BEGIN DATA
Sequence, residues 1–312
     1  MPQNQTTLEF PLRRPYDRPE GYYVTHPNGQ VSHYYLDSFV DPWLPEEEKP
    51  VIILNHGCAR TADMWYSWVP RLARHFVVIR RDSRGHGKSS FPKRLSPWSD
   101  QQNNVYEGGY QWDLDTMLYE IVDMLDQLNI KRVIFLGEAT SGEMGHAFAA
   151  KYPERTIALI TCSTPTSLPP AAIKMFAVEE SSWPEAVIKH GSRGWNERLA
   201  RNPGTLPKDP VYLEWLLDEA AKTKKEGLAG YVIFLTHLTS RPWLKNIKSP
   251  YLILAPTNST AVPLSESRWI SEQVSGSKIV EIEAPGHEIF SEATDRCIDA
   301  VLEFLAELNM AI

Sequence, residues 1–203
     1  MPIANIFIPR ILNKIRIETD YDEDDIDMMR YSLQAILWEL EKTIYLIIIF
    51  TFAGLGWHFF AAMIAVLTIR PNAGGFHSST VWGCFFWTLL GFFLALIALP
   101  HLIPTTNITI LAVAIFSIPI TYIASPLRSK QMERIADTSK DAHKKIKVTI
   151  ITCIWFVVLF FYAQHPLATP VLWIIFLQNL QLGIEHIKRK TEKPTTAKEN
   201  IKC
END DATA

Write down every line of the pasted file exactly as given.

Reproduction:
Sequence, residues 1–312
     1  MPQNQTTLEF PLRRPYDRPE GYYVTHPNGQ VSHYYLDSFV DPWLPEEEKP
    51  VIILNHGCAR TADMWYSWVP RLARHFVVIR RDSRGHGKSS FPKRLSPWSD
   101  QQNNVYEGGY QWDLDTMLYE IVDMLDQLNI KRVIFLGEAT SGEMGHAFAA
   151  KYPERTIALI TCSTPTSLPP AAIKMFAVEE SSWPEAVIKH GSRGWNERLA
   201  RNPGTLPKDP VYLEWLLDEA AKTKKEGLAG YVIFLTHLTS RPWLKNIKSP
   251  YLILAPTNST AVPLSESRWI SEQVSGSKIV EIEAPGHEIF SEATDRCIDA
   301  VLEFLAELNM AI

Sequence, residues 1–203
     1  MPIANIFIPR ILNKIRIETD YDEDDIDMMR YSLQAILWEL EKTIYLIIIF
    51  TFAGLGWHFF AAMIAVLTIR PNAGGFHSST VWGCFFWTLL GFFLALIALP
   101  HLIPTTNITI LAVAIFSIPI TYIASPLRSK QMERIADTSK DAHKKIKVTI
   151  ITCIWFVVLF FYAQHPLATP VLWIIFLQNL QLGIEHIKRK TEKPTTAKEN
   201  IKC